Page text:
• ¼ tsp salt
  • ¼ tsp pepper
  • 1 tbs white sesame seeds ($.40)

Total: $5.85


Rinse chicken wings and pat dry. Dredge in flour. Heat oil in cast iron or regular skillet on medium-high. Fry wings for 3 minutes or until light golden brown. Drain on paper towels.

Mix soy sauce, mirin, sugar, sake, garlic powder, salt and pepper.

Turn skillet to high and fry wings another 5 minutes. While chicken is cooking, microwave glaze for 1 minute.

Drain chicken on paper towels and brush sauce. Sprinkle a little more salt and pepper along with sesame seeds.

Serve hot.

Spaghetti Squash Bolognese


Squash. I feel like it’s one of those controversial vegetables like brussels sprouts and broccoli. You either love it or hate it. I don’t understand squash haters and personally, I think they are making a bit mistake. Squash is so versatile. Did you know there are over 50 varieties of squash? You can also cook it just about any way– boiled squash, fried squash, baked squash, sautéed squash, squash casserole, squash pie, squash bread. I feel like Bubba from Forrest Gump. I could really go on and on about squash.

The BEST way to eat squash in my opinion is when it resembles a noodle. Conveniently, the squash king named this variety “Spaghetti Squash”. It’s genius really. A vegetable that can replace pasta! Sure, on it’s own its a little bland and boring but trust me, with the right sauce you will love it. It might even turn squash skeptics into loyal fans.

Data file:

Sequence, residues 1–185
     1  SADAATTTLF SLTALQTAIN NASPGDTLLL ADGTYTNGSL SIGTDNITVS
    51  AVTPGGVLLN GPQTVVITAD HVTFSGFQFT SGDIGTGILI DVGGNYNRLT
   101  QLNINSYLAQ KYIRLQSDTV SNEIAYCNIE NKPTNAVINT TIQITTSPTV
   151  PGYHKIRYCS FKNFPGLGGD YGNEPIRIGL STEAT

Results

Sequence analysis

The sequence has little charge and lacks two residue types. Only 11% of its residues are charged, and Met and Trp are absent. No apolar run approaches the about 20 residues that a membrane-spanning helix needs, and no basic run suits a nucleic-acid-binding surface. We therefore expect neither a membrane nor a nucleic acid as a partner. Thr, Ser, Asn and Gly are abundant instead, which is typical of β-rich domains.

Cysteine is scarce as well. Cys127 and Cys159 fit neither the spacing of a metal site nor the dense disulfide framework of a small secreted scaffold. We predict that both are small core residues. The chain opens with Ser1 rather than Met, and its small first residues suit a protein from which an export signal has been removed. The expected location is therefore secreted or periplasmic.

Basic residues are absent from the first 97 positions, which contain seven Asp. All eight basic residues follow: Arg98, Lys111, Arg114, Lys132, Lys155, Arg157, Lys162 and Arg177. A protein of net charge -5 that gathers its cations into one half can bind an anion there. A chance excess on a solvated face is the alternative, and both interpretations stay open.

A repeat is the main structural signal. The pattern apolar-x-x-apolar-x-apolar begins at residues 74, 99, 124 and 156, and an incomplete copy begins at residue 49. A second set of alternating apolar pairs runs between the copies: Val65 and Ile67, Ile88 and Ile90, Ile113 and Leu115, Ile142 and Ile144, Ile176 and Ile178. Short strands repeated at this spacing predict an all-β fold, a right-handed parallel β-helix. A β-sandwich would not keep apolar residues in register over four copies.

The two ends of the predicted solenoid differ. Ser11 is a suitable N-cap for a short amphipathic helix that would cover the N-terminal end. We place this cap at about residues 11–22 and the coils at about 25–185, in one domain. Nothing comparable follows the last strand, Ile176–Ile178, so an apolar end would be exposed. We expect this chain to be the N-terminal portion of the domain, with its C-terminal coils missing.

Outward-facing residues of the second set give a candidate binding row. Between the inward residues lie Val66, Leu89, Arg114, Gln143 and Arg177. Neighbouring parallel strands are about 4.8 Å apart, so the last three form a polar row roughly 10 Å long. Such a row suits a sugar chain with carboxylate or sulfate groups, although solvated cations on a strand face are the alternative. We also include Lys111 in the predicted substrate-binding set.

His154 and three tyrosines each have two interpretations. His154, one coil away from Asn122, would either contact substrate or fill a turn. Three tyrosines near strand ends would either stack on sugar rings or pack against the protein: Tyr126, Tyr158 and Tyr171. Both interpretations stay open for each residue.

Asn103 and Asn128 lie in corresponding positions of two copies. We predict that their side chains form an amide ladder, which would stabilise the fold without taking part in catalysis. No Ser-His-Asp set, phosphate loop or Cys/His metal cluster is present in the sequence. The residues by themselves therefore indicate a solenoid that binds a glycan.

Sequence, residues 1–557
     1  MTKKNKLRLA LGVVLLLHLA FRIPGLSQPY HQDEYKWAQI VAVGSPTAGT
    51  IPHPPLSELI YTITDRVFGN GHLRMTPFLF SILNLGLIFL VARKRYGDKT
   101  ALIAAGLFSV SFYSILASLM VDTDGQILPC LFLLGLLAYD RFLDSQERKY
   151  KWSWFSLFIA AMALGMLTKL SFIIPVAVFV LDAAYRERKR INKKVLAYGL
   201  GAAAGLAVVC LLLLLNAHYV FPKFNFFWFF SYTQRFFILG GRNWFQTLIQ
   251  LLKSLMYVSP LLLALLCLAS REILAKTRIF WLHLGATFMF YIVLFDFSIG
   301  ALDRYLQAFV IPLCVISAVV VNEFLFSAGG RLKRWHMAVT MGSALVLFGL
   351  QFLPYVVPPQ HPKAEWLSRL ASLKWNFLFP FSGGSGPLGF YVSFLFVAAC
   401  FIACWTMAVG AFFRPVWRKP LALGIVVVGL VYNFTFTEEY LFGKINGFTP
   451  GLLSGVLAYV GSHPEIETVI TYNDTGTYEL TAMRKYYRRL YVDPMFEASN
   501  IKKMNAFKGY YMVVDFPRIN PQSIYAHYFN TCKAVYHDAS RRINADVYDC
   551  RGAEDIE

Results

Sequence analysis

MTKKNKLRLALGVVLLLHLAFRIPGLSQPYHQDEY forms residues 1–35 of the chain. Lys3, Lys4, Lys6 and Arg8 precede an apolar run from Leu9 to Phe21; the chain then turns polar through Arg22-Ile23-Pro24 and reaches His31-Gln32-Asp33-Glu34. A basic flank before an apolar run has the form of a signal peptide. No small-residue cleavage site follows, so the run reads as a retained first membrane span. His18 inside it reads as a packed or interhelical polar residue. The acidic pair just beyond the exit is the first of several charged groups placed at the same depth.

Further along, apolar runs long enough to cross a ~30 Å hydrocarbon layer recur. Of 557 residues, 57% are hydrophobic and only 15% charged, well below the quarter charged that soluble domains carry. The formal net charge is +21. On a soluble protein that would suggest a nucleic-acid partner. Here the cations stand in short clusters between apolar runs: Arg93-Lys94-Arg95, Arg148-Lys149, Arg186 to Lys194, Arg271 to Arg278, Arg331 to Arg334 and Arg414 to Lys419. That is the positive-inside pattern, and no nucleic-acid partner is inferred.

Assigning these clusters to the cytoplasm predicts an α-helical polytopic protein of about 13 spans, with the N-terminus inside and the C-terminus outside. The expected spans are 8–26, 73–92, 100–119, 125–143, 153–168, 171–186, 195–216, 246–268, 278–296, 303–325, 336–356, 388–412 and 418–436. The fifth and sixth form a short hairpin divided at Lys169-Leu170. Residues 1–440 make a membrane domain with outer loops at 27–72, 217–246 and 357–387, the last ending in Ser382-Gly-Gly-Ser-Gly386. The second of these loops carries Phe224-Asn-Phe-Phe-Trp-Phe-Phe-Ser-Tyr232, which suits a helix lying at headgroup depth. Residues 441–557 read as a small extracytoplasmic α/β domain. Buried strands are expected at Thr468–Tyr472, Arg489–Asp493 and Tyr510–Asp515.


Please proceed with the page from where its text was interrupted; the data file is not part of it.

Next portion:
This was the first time I tried a meaty sauce with my squash noodles. Result? Perfect. Tons of protein, low carb, packed with vegetables and nutrients. It’s also pretty easy on the wallet. You really can’t go wrong. If you are red meat averse, feel free to substitute ground turkey for the beef and omit the pancetta.


Serves 4

  • 1 large spaghetti squash ($3.00)
  • 1 tablespoon olive oil ($.10)
  • 1/2 medium onion, chopped ($.50)
  • 2 garlic cloves, minced ($.20)
  • 2 cups mushrooms, sliced ($2.00)
  • 1 carrot, finely minced ($.10)
  • 1 celery stalk, finely chopped ($.10)
  • 4 oz pancetta, finely chopped ($3.00)
  • 1 pound ground beef ($5.00)
  • Salt
  • Pepper
  • 1/4 C cheap dry red wine ($1.00)
  • 1 (28-ounce) can crushed tomatoes ($1.50)
  • 1/4 cup half and half ($.30)
  • 1/4 teaspoon red pepper flakes ($.03)
  • 1/2 teaspoon basil ($.20)

Total: $17.03


Preheat oven to 400. Poke 4 or 5 holes in spaghetti squash and microwave for 10 minutes in a large microwave safe dish.

Meanwhile, in a dutch oven or stock pot sauté the carrot, onion, celery, garlic and mushrooms over medium-high heat with 1 tbs olive oil. After the veggies are cooked through, add pancetta and cook until crispy, about 4 minutes. Next, add in ground beef and brown.

Once beef is brown, drain off excess grease then add mixture back to pan. Season with salt and pepper. Add 1/4 C wine and scrape up brown bits, cook 2 minutes. Add in tomatoes, half and half, red pepper flakes and basil. SImmer on low for 35 minutes.

At this point, remove the spaghetti squash. Careful, it’s hot! Cut in half and remove seeds…try and keep in as much pulp as possible. Put both sides cut-side down on a greased cooking sheet and bake 25 minutes. Remove squash, then using two forks, pull out the pulp and separate noodles into a bowl.

To serve, add squash noodles to bowl with a hearty scoop of Bolognese. Feel free to add grated parmesan as well!